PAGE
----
Putting all the data together researchers found that the structure is cone shaped, about 230 feet (70 meters) in diameter and nearly 32 feet (10 meters) tall. It weighs an estimated 60,000 tons.
During the third millennium B.C. the city was one of the biggest sites in the region, Paz said. "It’s the most powerful and fortified town in this region and, as a matter of fact, in the whole of Israel."
Read the full article at: livescience.com
Tune into Red Ice Radio:
Peter Lindberg - The Mysterious Baltic Sea Object
Linda Moulton Howe - Hour 1 - Baltic Sea Object, Göbekli Tepe & Creation of Homo Sapiens
John Anthony West & Laird Scranton - Göbekli Tepe
Robert Schoch - Hour 1 - The Mystery of the Sphinx
Sunken Treasure: Egyptian Artifact Find Is Largest Nautical Collection From the Ancient World
The Forgotten Underworld of Japan - Mysterious Underwater Ruins
Underwater Circular Features: Greece
Osiris Shaft Tomb - Underwater - Underground Tunnels
Latest News from our Front Page
Not Again: More US AID, Missiles Shipped to al Qaeda, al Nusra and ISIS in Syria, Iraq
Two weeks ago, 21WIRE reported on how ISIS and other terrorists militants operating in Syria and Iraq are receiving regular weapons and ‘supply drops’ – forming a ‘rat line’ which seems to be playing a crucial role in keeping this highly profitable conflict going on both sides.
This week, it’s been reported that Jabhat Al-Nusra fighters have been brandishing US-supplied ...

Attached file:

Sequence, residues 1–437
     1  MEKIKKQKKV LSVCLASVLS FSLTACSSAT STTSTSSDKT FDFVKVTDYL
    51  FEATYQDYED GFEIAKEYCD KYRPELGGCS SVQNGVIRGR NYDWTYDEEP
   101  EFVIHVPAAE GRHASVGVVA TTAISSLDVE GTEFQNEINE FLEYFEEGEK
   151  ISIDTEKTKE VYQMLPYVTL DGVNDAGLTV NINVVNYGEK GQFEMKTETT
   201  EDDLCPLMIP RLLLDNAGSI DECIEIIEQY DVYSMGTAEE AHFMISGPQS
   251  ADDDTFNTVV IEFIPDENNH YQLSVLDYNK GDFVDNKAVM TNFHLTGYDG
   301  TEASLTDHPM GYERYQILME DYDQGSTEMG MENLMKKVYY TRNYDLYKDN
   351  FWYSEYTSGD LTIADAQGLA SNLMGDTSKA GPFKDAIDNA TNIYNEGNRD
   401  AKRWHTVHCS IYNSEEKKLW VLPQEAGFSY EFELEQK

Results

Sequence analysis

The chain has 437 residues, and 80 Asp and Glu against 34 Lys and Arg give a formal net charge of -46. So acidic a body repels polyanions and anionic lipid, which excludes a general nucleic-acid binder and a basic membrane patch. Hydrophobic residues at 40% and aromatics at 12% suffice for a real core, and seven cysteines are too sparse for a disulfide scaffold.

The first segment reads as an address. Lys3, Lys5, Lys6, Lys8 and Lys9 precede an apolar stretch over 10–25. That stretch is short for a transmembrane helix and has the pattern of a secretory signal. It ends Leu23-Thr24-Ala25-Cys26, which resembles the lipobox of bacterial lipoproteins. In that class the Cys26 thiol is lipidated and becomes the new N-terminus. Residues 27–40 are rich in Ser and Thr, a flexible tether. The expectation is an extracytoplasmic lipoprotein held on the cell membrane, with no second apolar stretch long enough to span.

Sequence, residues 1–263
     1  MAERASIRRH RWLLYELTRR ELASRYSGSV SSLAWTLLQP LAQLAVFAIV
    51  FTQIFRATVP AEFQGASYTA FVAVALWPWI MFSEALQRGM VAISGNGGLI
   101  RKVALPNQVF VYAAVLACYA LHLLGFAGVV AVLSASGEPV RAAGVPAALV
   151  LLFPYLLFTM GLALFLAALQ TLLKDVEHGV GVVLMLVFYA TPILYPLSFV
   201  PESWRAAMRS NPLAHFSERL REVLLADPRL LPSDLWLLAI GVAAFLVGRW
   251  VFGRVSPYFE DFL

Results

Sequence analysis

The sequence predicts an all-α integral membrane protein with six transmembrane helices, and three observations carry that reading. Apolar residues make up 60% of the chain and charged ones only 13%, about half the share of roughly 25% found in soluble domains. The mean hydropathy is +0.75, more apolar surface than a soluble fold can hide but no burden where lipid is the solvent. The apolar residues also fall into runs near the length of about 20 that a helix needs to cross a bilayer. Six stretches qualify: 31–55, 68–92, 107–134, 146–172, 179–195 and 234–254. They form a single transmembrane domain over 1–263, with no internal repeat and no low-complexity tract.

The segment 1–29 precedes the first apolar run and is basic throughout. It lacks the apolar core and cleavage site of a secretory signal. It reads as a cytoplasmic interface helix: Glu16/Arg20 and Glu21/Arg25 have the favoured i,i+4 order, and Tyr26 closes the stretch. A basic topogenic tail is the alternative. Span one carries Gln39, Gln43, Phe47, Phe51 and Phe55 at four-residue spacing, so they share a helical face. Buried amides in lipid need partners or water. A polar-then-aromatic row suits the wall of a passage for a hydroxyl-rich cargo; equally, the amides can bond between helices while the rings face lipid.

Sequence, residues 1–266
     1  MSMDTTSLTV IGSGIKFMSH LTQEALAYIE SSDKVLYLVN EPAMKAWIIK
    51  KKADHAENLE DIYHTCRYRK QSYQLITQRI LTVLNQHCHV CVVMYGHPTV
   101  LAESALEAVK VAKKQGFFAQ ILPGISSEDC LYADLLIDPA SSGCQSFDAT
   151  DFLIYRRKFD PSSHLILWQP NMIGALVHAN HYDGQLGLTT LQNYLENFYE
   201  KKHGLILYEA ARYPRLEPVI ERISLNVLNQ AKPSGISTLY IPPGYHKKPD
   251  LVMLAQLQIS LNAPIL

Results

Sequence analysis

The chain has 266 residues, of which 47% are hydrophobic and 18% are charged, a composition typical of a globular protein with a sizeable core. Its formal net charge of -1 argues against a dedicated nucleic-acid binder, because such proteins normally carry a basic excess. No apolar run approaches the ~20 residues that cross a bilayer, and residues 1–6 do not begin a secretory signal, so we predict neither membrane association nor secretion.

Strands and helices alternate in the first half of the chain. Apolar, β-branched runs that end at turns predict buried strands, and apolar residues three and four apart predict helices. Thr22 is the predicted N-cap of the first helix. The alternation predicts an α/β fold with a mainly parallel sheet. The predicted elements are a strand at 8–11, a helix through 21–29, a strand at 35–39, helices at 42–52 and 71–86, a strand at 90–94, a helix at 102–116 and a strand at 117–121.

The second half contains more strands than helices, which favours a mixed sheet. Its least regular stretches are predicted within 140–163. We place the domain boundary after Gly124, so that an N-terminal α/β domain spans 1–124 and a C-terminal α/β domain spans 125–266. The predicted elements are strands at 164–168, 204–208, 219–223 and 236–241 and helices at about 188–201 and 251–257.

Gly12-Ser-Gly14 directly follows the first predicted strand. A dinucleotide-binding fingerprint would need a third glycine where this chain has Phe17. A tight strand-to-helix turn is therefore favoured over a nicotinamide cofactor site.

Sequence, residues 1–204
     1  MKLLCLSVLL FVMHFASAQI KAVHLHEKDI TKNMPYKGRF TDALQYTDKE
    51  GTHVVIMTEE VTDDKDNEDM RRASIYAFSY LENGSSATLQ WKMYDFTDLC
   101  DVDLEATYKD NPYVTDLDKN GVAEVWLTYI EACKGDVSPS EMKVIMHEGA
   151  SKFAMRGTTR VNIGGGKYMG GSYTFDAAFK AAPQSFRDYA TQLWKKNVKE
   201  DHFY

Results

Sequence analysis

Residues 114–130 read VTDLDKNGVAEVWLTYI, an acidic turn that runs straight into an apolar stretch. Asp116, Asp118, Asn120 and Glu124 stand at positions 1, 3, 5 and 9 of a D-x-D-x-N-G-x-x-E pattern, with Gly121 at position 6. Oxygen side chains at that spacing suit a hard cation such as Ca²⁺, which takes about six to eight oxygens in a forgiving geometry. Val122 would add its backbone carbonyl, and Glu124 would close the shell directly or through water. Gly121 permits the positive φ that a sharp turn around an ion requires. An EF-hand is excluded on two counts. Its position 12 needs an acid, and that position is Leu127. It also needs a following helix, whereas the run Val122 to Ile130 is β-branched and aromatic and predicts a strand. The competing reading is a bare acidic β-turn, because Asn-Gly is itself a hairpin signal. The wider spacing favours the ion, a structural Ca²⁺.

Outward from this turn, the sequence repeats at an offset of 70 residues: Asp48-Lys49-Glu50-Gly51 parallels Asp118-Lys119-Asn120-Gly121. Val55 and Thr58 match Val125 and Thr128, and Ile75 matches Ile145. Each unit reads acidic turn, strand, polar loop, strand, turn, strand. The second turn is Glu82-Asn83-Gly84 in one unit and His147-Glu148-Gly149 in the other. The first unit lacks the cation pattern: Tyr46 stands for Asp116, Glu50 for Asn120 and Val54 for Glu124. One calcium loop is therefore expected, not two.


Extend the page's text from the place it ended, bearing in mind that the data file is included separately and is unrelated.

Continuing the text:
Swedish parliament removes Baroque artist's bare breasted painting for offending feminists and Muslims
A nude painting named Juno, which was painted by baroque artist G E Schröder and has hung in the dining room of the Swedish Parliament for 30 years has been taken down for fear of offending the sensitivities of feminists and Muslim visitors, Swedish newspaper, The Local reported on Thursday.
Explaining the ban on the baroque breasts, a source from the ...
White US children will be minorities by 2020 after immigrant 'baby boom', Census reveals
This is the result of an ongoing trend of declining birth among white Americans and a baby boom among immigrant groups, as well as a surge in immigration.
By the year 2020, 50.2percent of all children in the US are expected to be non-white, according to the Census. By 2044, whites will be outnumbered by minorities.
The Census study, released ...
New Jersey Shopkeeper Hangs 'White History Month' Sign In Window
A deli owner in Flemington, New Jersey, has angered many of his neighbors by posting a sign on his window that reads, "Celebrate Your White Heritage in March White History Month."
Jim Boggess, who is the owner of Jimbo's Deli, says he put up the sign to remind everyone that they should be proud of their race and culture.
"No matter what ...
The Viking ”Maine Penny” Mystery
In 1957, during his second year of digging at the Goddard site; a large prehistoric Indian trade village in Penobscot Bay on the central Maine coast, local resident and amateur archaeologist Guy Mellgren found a small silver coin. The coin is later identified by experts as a Norse silver penny dating to the reign of Olaf Kyrre, king of Norway ...
|More News » |